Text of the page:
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Author Topic: Do-it-yourself Escrow with two-factor address utility  (Read 11823 times)
casascius
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December 07, 2012, 01:30:14 AM
 #1

It looks like somebody has figured out a way to use the two-factor feature of my Bitcoin Address Utility to do an escrow transaction.

https://bitcointalk.org/index.php?topic=129399.msg1383296#msg1383296

The way it works, is the person who is paying uses my utility to turn their Passphrase into an Intermediate Code.  They give it to the payee.

The Payee uses the Intermediate Code to generate an encrypted Bitcoin address.  The Payee also gives the "confirmation code" (appears on the printed Coin Inserts report) back to the payer.  The payer should be able to reproduce the same bitcoin address via the confirmation code and his passphrase.  The confirmation code also ensures that the payer will be paying an address that must have come from the passphrase, rather than one the payee got from his own wallet.

The payer pays.  Nobody can access the funds.

When the payer wants to release the funds, he gives the payee the passphrase.  If the payee wants to send the funds back, he gives the payer his private key.  If nobody gives the other their part, the funds are permanently locked up.

The concept is nothing new, but now that it's wrapped into a point-and-click utility, it's suddenly more reachable.

What do you think?  

Point-and-click two-factor escrow is also a plausible way to do collateral.  Imagine someone set up a trading platform or exchange where settling trades was done primarily on the honor system and the exchange held one factor of a two-factor collateral arrangement as a backstop.

Companies claiming they got hacked and lost your coins sounds like fraud so perfect it could be called fashionable.  I never believe them.  If I ever experience the misfortune of a real intrusion, I declare I have been honest about the way I have managed the keys in Casascius Coins.  I maintain no ability to recover or reproduce the keys, not even under limitless duress or total intrusion.  Remember that trusting strangers with your coins without any recourse is, as a matter of principle, not a best practice.  Don't keep coins online. Use paper or hardware wallets instead.
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December 07, 2012, 03:30:13 PM
 #2


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December 07, 2012, 03:56:22 PM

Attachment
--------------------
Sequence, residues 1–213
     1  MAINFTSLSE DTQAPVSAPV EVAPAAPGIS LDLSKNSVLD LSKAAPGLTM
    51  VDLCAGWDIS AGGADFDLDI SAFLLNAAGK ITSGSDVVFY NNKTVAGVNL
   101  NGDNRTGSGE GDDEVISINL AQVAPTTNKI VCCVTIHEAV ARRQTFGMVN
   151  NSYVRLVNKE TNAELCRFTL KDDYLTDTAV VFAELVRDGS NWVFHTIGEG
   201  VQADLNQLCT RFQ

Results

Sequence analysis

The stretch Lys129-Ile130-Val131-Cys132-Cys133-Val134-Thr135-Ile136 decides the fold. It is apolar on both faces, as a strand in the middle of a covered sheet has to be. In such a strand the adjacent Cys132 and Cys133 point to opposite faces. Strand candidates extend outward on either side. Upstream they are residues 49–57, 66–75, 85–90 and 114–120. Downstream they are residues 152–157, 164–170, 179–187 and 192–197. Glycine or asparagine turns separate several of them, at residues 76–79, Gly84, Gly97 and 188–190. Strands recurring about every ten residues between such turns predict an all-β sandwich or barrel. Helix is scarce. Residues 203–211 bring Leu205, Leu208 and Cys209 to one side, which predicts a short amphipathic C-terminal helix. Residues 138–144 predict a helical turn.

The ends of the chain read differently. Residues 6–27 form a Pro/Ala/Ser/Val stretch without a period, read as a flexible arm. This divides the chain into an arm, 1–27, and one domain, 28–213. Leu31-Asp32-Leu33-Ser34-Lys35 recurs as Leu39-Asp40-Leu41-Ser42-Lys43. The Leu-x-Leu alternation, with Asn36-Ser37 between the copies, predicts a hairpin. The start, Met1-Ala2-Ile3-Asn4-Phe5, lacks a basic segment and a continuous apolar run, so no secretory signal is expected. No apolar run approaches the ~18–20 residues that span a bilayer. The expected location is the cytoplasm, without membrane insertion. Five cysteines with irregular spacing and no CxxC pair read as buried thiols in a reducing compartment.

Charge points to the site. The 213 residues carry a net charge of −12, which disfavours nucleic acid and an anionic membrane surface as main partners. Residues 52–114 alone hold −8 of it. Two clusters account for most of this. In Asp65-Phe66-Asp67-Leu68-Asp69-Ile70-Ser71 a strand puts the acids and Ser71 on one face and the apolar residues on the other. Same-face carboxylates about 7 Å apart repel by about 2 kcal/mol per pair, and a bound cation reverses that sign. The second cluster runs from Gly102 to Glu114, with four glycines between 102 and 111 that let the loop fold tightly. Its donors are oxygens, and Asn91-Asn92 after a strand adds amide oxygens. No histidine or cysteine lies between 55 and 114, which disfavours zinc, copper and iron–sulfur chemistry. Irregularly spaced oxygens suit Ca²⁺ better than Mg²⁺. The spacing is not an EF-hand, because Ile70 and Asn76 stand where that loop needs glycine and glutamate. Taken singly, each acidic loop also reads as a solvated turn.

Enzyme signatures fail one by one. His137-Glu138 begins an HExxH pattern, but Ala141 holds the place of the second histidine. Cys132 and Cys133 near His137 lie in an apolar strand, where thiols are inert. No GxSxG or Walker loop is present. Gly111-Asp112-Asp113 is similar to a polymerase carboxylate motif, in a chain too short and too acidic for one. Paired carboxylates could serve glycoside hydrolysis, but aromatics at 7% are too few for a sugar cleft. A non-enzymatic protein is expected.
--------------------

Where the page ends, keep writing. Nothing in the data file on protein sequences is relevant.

#3

Good!
I'll check later and I'll make an easy guide for my italian colleagues Grin

Are you going to add some features on this topic in the near future?

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December 07, 2012, 06:13:37 PM
 #4

tutorial please.

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December 07, 2012, 06:45:51 PM
 #5

This essentially requires some kind of resolution between the two partners. However

- a seller could be a scammer just looking to grief "buyers".
- a buyer, once receiving the item, could random the locked up coins for a discount. The seller has no leverage here.

I'm not too keen on this and doubt I would agree to it. 2-of-3 transactions are where it's at.
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December 07, 2012, 07:20:17 PM
 #6

This essentially requires some kind of resolution between the two partners. However

- a seller could be a scammer just looking to grief "buyers".
- a buyer, once receiving the item, could random the locked up coins for a discount. The seller has no leverage here.

I'm not too keen on this and doubt I would agree to it. 2-of-3 transactions are where it's at.

What are 2-of-3 transactions?  
Is it a system in which the buyer and/or seller have to deposit some money that will be transferred back to them upon completion of a mutually satisfied transaction?  Because such a system would make sense to me.

I have seen the term "m-of-n transactions" before on this forum, is this a more generalised term?

Although I am not yet technically literate enough, do-it-yourself escrow seems like an awesome idea.  Thanks Casascius!
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December 07, 2012, 07:28:09 PM
 #7

tutorial please.

+1
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December 07, 2012, 10:12:01 PM
 #8

What are 2-of-3 transactions?